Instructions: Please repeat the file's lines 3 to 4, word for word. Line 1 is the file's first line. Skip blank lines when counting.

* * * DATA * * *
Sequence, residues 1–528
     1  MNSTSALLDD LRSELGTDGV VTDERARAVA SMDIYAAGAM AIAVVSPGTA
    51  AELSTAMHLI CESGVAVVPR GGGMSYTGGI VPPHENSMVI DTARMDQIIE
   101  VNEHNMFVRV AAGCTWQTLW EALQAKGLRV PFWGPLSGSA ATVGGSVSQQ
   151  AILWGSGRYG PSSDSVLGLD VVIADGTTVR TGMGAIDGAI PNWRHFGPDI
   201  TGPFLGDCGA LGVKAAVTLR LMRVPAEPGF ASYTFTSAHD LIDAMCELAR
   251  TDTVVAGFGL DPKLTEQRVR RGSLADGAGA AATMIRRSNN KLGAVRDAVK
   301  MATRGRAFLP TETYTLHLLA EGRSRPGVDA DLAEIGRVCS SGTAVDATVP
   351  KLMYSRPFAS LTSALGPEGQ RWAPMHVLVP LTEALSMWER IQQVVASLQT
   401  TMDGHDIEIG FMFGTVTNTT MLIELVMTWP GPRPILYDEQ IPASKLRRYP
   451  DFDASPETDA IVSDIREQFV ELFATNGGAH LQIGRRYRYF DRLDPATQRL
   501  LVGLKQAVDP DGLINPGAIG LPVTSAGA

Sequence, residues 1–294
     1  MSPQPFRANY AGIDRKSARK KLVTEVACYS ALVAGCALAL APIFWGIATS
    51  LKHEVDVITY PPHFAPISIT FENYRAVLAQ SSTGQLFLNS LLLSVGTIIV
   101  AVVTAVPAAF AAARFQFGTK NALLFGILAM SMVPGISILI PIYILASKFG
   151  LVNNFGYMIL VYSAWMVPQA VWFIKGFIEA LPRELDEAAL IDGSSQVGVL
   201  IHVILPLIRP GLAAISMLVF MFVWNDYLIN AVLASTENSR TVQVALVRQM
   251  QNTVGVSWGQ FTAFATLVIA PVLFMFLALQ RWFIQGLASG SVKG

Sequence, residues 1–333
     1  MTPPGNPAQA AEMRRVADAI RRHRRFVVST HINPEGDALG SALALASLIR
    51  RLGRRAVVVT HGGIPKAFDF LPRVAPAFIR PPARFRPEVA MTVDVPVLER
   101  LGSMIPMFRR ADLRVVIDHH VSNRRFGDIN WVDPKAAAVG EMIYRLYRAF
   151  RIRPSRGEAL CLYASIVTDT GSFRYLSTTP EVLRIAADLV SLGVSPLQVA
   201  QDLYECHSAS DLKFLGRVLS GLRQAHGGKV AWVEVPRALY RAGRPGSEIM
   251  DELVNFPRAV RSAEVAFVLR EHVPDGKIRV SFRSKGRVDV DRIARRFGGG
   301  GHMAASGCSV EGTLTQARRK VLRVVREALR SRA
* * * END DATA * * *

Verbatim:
    51  AELSTAMHLI CESGVAVVPR GGGMSYTGGI VPPHENSMVI DTARMDQIIE
   101  VNEHNMFVRV AAGCTWQTLW EALQAKGLRV PFWGPLSGSA ATVGGSVSQQ